The Five Practices, the Four Foci, Three Simple Rules – Methodists love numbering things. Of course, the people of God have a long history of makings lists: Ten Commandments, seven gifts of the Spirit, four cardinal virtues, three theological virtues. These lists are helpful ways of remembering important things, even if at times they appear to be somewhat forced. In the hope of the former and at the risk of the latter, I offer one more list with a single bullet point. There is only one way to make disciples of Jesus Christ: by persuading the intellect with reasons and gently alluring the will. So said Bartolomé de las Casas. Who was this man?
Bartolomé de las Casas was a priest who in 1502 sailed from Spain to the “new world” in search of adventure and fortune. He found both in Cuba where he became a prosperous landowner and slaveholder. However, in 1514, while preparing for a Sunday sermon, Las Casas came across a text from Ecclesiasticus 34:26-27 which states: “To take away a neighbor’s living is to commit murder; to deprive an employee of wages is to shed blood” (NRSV). Las Casas heard this text as a direct condemnation of his colonial lifestyle. His treatment of the Indians had been gentle by Spanish standards, and yet, in depriving them of their liberty, he had committed murder. In response to this word from God, Las Casas freed his slaves and became the defender of the indigenous inhabitants of the Americas until his death in 1566.
There is much that could be said and has been said about Las Casas. He has been hailed for his uncompromising advocacy for the Amerindian, pilloried for his blindness to the plight of the Africans, and studied for his writings on history and theology. On this last point, he wrote a book titled The Only Way that argues that there is one and only way to draw people to Christianity. There is only one way because there is only one God, and God does not change. There is only way because there is one human nature, and generational, cultural, and gender differences are so many variations on a common theme: the image of God. For Las Casas, the most important questions for evangelists are theological rather than technical. What is the human? Who is God? There are three points I want to highlight from his reflections on these questions.
First, the only way to make disciples of Jesus Christ is by teaching. At the heart of the Great Commission in Matt 28:20 is the command to teach, and good teaching moves the mind with reasons and moves the will sweetly. Evangelism cannot be reduced to tugging on heart strings or to presenting propositions. Both intellectually sound doctrine and affectively good rewards are required so that the whole human person is healed. Moreover, the successful integration of truth and love in the presentation of the gospel calls for the integrity of the messengers, which leads to the second point.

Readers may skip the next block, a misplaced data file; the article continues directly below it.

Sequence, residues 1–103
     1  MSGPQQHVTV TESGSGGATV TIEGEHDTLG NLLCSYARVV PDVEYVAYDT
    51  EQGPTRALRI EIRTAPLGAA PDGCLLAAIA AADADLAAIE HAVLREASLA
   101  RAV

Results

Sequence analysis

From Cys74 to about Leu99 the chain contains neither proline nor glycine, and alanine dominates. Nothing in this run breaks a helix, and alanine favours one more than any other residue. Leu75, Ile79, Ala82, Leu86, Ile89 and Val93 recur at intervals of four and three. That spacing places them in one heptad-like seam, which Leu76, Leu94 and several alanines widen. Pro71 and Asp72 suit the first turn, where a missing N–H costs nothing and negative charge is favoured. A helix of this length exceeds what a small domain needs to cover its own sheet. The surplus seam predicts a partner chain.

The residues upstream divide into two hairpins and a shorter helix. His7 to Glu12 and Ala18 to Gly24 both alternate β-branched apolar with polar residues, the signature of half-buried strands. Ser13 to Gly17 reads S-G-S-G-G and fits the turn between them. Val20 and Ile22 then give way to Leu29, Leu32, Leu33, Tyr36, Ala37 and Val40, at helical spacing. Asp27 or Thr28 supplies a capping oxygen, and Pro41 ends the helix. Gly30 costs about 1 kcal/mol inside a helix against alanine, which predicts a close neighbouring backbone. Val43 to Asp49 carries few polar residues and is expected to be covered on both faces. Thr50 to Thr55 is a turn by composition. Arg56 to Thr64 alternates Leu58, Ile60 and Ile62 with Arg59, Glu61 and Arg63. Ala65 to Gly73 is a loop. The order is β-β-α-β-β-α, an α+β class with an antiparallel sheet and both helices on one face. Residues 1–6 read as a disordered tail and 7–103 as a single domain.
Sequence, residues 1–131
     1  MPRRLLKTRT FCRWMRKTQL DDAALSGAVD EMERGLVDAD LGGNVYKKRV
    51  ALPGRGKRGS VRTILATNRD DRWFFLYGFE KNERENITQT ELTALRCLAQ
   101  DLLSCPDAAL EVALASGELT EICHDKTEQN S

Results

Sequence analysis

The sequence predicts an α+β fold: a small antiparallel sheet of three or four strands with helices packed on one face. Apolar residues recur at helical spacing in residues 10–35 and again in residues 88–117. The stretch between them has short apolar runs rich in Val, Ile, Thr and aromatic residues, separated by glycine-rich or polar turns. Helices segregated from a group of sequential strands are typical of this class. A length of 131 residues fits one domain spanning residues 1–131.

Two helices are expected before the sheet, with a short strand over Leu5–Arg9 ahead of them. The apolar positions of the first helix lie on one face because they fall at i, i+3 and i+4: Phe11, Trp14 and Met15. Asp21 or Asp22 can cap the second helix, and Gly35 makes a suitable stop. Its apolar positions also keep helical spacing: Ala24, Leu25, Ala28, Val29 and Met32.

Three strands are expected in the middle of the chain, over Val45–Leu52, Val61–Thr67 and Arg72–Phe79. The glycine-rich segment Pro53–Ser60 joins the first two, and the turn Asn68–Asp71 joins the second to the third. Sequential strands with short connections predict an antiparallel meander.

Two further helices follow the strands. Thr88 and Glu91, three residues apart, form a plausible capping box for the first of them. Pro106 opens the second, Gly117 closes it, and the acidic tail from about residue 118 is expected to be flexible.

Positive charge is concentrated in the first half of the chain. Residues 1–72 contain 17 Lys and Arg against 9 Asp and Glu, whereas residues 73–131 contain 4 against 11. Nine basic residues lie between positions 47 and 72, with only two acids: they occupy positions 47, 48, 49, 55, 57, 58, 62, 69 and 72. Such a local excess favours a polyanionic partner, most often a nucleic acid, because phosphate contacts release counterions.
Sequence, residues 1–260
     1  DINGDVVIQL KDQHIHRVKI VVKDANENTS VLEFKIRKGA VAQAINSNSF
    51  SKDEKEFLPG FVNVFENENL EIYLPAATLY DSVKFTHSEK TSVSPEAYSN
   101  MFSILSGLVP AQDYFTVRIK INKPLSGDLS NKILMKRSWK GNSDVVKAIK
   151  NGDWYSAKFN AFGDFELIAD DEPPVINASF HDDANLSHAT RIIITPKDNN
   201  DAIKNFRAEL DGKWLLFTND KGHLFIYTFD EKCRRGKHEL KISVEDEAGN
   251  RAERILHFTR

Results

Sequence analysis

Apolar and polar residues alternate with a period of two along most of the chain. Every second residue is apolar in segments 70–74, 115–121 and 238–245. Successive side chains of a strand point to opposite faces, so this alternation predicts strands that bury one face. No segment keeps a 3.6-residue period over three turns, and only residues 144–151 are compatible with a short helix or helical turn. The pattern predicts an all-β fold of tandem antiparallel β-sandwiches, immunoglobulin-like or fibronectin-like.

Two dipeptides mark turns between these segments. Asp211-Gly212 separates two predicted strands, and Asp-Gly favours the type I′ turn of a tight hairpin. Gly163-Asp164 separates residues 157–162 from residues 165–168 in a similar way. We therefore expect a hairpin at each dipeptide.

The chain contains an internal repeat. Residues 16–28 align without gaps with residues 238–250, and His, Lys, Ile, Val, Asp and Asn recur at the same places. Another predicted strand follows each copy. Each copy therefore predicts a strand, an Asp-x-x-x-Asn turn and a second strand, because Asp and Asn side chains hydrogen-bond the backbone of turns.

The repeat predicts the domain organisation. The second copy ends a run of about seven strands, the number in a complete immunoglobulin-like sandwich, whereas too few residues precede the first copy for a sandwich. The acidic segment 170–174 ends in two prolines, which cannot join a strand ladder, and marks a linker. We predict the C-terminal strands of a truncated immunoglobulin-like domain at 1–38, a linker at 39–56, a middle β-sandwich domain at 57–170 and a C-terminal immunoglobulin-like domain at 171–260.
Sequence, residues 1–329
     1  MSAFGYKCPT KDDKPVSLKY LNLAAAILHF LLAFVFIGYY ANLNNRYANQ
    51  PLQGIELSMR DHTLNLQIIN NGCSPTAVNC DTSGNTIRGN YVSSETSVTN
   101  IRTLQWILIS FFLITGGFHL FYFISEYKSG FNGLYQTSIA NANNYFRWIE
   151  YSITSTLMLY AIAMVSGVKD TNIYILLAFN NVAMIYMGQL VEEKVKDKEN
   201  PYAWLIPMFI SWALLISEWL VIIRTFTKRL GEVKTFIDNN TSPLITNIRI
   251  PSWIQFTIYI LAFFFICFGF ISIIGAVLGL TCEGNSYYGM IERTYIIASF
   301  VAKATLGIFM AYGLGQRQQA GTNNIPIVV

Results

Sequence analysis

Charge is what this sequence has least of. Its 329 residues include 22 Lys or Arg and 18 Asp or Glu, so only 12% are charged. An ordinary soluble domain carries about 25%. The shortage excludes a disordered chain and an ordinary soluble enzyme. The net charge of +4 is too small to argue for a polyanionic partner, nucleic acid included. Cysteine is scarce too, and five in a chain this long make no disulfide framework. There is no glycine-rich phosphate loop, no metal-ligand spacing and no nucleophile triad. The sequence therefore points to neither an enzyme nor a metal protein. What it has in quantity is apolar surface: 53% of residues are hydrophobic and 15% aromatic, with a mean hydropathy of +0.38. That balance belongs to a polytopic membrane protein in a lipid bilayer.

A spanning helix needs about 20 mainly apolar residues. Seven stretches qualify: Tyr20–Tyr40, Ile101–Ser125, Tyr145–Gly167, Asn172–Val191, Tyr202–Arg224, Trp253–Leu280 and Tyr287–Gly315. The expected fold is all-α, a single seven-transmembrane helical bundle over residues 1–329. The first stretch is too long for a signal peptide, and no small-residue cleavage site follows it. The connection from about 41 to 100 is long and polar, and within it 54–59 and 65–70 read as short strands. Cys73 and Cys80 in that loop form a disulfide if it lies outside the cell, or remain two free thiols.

Second, the only way to make disciples of Jesus Christ is by living peaceably. The guiding text in sixteenth century missions was Luke 14:23, “Go out into the highways and hedges, and compel them to come in” (AV). A common mantra among colonial evangelists was “better forced to be good, than free to be bad.” For Las Casas, these arguments are nonsensical. A forced conversion is an oxymoron. The only way to make disciples calls for messengers who renounce violence of all kinds: physical, cultural, economic, and epistemic. After all, Jesus sent his disciples carrying neither staff nor purse, which leads to the third point.
Third, the only way to make disciples of Jesus Christ is by embracing poverty. Jesus sent his disciples as “as poor, yet making many rich; as having nothing, and yet possessing everything” (2 Cor 6:10, NRSV). Detachment from earthly goods is necessary for the sake of mission. The direct relation of poverty and grace was evident to Wesley, whose greatest fear was that the Methodist people would prosper economically and end up being a dead sect. The moment that the disciples of Jesus can no longer say “silver and gold have I none” is the moment when they can no longer say to the paralytic, “take up your mat and go home.”
What if contemporary theories and practices of evangelism were compared to The Only Way? How holistic would its approach to teaching be judged? Would it resemble the gentle and reasonable persuasion of Matt 28:20 or the forcible manipulation of Luke 14:23? How peaceable and poor would its practitioners be found? Like sheep among wolves? Or like wolves among sheep? I am not sure, but in my own experience as a Methodist evangelist, the results of such a comparison would be mixed.